May 25, 2017


Searching for China’s Water (15)Revering Nature on the High Plateau

Searching for China’s Water (15)-Revering Nature on the High Plateau

Words and Pictures by Yongchen Wang

June 2, 2009
 
On July 2, 2009, Chen Xianxin bought a sheep from a herdsman whose house we were staying in. After a few days of life on the plateau, we needed an extra meal. Anyone who didn't eat mutton could eat the pure, all-natural yoghurt made by the hostesses, or drink the hot butter tea they had boiled. During the mornings, the women were bustling inside the tent.

 
Ox horn questioning the heavens
 
Morning in the tent
 
Making butter tea is easier than it used to be
While adults busied themselves with their housework, the children ate and watched them. Qiu Song, a young Tibetan man, is the son of the hostess. The hostess has had ten children, one of whom died, leaving her with nine. The family keeps more than 1,000 sheep and more than 20 yaks. When the woman’s husband died, they put him to rest in the traditional Tibetan way—sky burial. 

Qiu Song lives alone. Since his injury, this is probably the first time he has seen his mother. As soon as he arrived today, mother and son embraced each other as they mingled their tears. We talked to him for a while yesterday, when we saw him outside the tent, holding an IV drip bottle aloft. He told us he had earned about 1,500 RMB digging up caterpillar fungus. But after the harvest, he and his wife returned home to find that seven of their cattle had died, leaving only two. To make matters worse, he hurt himself when he sped too quickly on his motorcycle, costing him a lot of money. However, it was clear from Qiu Song's words that these circumstances didn’t worry him. He had even capped two copper teeth at the cost of 120 RMB. Here was a Tibetan man of the Yangze headwaters.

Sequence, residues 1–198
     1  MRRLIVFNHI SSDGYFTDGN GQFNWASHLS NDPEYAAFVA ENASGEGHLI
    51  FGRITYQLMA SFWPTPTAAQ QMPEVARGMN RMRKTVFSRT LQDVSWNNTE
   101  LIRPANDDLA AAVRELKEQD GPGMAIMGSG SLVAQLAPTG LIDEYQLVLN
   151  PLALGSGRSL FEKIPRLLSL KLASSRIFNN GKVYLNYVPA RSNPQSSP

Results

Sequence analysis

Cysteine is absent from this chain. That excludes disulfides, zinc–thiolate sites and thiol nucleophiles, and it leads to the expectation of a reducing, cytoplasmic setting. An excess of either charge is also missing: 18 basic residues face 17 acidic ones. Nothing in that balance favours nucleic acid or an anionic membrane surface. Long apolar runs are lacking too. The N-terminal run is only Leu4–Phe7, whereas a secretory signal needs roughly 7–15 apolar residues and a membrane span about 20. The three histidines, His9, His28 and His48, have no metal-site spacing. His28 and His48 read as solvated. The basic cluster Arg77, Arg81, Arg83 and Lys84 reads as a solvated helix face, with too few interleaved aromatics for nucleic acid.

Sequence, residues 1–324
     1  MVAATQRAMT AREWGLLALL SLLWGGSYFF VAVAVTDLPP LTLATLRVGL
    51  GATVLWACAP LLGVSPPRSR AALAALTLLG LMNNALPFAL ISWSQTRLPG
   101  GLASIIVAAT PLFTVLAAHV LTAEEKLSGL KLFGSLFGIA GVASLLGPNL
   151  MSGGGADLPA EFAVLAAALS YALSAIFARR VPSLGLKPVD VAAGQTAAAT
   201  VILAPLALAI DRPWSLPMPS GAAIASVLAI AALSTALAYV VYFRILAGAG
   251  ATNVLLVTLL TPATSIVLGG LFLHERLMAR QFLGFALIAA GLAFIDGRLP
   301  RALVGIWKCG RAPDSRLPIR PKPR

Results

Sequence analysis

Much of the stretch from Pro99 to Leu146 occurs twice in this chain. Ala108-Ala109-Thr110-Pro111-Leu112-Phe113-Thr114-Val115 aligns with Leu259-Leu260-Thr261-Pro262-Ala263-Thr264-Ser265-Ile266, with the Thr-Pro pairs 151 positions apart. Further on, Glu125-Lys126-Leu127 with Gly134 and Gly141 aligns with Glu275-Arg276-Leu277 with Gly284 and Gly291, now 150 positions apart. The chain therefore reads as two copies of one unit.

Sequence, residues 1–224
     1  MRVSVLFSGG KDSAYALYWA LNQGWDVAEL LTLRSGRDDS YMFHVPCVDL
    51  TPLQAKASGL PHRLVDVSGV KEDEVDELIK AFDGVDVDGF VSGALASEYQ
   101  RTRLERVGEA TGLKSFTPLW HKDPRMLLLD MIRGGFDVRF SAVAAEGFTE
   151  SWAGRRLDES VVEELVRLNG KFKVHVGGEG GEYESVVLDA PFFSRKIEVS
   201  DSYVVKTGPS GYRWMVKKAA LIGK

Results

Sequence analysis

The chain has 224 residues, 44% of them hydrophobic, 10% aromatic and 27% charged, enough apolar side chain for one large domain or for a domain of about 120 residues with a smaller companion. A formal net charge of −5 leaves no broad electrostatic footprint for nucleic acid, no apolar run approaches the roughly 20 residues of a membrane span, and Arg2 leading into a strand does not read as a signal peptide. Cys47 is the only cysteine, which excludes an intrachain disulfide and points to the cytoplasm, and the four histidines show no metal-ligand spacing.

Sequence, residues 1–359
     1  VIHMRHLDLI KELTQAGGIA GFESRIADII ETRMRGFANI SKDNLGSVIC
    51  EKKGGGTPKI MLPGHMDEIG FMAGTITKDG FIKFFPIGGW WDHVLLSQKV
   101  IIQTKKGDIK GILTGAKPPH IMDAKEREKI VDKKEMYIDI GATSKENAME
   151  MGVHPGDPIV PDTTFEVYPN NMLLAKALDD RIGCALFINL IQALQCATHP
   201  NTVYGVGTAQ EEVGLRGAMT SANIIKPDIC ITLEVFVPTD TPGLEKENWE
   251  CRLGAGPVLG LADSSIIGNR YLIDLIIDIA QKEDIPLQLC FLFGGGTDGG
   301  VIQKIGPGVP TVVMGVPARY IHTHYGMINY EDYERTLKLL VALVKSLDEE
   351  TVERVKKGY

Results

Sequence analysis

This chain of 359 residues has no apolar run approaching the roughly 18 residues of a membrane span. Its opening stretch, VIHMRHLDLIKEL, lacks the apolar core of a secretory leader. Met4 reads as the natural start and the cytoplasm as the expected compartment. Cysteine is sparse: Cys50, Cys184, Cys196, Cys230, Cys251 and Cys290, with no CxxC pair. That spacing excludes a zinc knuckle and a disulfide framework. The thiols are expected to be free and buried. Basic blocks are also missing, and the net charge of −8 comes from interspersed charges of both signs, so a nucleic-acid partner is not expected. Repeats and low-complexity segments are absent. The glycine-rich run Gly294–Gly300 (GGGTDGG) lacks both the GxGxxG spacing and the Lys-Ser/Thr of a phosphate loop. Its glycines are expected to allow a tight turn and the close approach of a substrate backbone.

Children in the tent
  
The kids’ breakfast on the plateau
 
Injured after riding a motorcycle


 
Newly sheared sheep

It had hailed and stormed for most of the day yesterday, and after we set out today, Yang Yong, laying flat next to a trickling stream flowing through a plateau meadow, drank several mouthfuls of the meltwater. Several of us tried the water as well. Truly sweet.

  
Drinking water from river’s source
 
The unpredictable clouds at the river's source
Before we set off, Yang Yong had expressed concern about today's journey, as he had never gone down this road. From Suojia County, we were headed first to Maduo County, and then to Yanshiping. But according to the map, there was no road. As it was the rainy season, we knew it was going to be a challenge for us to trek across a plateau meadow to make it to the Qinghai-Tibet Highway and reach the Tuo-tuo River. But we didn't expect the Pagerlo, which was always used to pull other cars out of the mud, to get stuck in the mud as soon as we left the gate. While we were trying to pull the Pagerlo out, a heavy wind filled with hailstones hit us, soaking everyone like soup-drowned chickens.

And just as we pulled out the Pagerlo, one of Yang Yong's wheels got stuck in the mud.

 
Pushing the car
 
One car freed, and another gets stuck


Li Guoping, after pulling out the car
After Yang Yong got his car out of the mud, we kept going. Our convoy rolled over the grassy plains, and while we were fording a river, one of the cars burnt-out in the middle of the river. Li Guoping, 50, was the leader of the China Solo Tourism Alliance. Every time we had a car stuck, he was our commander and strongman. Jack in hand, no matter how deep the wheel was stuck in the mud, he could always get it out in a jiffy. Without a man like Li Guoping, who knows how much time it would have taken us to pull the cars out.